Biel goes to a tie-break!

Both pre-round leaders drew fairly quickly thus ensuring that they were equal first.
Nguyen Ngoc Truong Son took the opportunity to catch them by outplaying Anish Giri.
The three player tie-break will go ahead Thursday morning.

The Biel Young Masters round robin ended with a three-way tie for first place.

If you like play-offs then it's worth finding a live connection for tomorrow morning (29/7/10). The official site has had problems the last couple of days so I've been going via 'The Week in Chess' site.

Negi against Vachier-Lagrave was a complex Taimanov Sicilian with opposite-sides castling, but just as the game was hotting up the players agreed to a draw. I presume that the Frenchman didn't like his position and Negi had probably had enough of this tournament!

Fabiano Caruana led the game off the beaten track with 3.f3 (an Anti-Grünfeld ploy), which was especially the case after David Howell's off-beat reply 3...Nc6!?. The tense struggle for central squares soon fizzled out into a drawish position around the time when the players agreed to call it a day.

These early peace deals must have encouraged Andreikin and Nguyen, as a win (by either of them) then had the added incentive of getting into a share of first prize.

NameFed.RatingResultNameFed.RatingNo. of Moves
Maxim RodshteinISR26090.5-0.5Evgeny TomashevskyRUS270860
Parimarjan NegiIND26150.5-0.5Maxime Vachier-LagraveFRA272324
Fabiano CaruanaITA26970.5-0.5David HowellENG261626
Wesley SoPHI26740.5-0.5Dmitry AndreikinRUS265086
Nguyen Ngoc Truong SonVIE26171-0Anish GiriNED267259

Both Andreikin and Nguyen went for gold, but with mixed success.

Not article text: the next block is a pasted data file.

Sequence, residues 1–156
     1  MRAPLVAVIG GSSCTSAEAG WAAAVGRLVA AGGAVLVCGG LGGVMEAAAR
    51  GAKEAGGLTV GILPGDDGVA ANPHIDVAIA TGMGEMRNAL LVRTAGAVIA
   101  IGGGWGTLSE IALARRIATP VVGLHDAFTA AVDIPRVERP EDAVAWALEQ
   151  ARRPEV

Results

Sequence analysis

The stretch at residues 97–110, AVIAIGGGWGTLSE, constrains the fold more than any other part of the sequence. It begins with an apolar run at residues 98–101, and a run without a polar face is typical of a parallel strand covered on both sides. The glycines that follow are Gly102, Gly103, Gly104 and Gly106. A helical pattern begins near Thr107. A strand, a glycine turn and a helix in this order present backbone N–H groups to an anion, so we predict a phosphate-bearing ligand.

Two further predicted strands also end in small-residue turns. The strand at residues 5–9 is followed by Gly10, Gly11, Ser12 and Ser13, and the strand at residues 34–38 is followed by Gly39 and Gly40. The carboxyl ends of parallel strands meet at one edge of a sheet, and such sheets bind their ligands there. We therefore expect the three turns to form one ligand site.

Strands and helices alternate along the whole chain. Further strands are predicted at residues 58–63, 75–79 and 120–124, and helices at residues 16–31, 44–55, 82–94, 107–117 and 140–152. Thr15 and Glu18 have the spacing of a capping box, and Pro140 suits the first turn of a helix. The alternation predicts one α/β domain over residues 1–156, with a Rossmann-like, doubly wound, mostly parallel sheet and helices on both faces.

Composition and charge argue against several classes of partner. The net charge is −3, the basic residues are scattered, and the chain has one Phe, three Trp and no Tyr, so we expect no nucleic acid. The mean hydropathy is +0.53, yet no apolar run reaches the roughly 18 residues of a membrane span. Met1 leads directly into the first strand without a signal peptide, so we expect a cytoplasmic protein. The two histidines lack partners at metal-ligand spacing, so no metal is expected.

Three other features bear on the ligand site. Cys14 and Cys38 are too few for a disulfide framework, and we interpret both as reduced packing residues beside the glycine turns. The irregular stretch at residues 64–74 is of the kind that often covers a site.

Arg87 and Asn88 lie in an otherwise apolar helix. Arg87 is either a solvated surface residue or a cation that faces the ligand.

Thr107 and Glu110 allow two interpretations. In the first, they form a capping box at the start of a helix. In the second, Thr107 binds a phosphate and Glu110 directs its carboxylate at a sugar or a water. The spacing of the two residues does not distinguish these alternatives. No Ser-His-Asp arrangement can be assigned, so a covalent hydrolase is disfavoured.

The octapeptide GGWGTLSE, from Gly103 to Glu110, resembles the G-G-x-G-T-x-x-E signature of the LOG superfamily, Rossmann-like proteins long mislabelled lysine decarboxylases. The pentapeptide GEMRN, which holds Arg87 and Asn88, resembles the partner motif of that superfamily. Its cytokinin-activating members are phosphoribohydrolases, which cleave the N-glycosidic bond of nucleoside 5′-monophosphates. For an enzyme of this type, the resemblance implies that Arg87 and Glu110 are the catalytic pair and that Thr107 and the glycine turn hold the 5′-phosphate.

In Wesley So's Old Indian against Dmitry Andreikin, things played out very much like the main line of the Spanish. White had more space but Black was very solid. Later the Russian avoided a repetition as his knight was superior to White's bishop with a blocked centre. He tried very hard to extract winning chances out of the endgame but So held fast.

Nguyen played a King's Indian Attack, a system which is familiar to many club players, but is rare at this level. Later a tactical flurry led to Nguyen sacrificing a pawn or two for active pieces. He regained his material in the endgame and won the resulting rook ending.

In Rodshtein-Tomashevsky the Bogo-Indian defence soon turned into a type of King's Indian. A surprising turn of events! Later Black's king proved to be the most vulnerable as Rodshtein again had a 'good knight vs inferior bishop' scenario. The Israeli's play against the Russian's king netted him a pawn but the queen ending was only drawn.

The final table is as follows.

1st-3rdMaxime Vachier-LagraveFRA27235.5
1st-3rdFabiano CaruanaITA26975.5
1st-3rdNguyen Ngoc Truong SonVIE26175.5
4thDmitry AndreikinRUS26505
5th-7thEvgeny TomashevskyRUS27084.5
5th-7thWesley SoPHI26744.5
5th-7thMaxim RodshteinISR26094.5
8thAnish GiriNED26724
9thDavid HowellENG26163.5
10thParimarjan NegiIND26152.5

The leading three will have their play-off tomorrow morning.

For more information see the Official site

No losses for Maxime @ chessbase
Another draw for Fabiano @ Zugzwang

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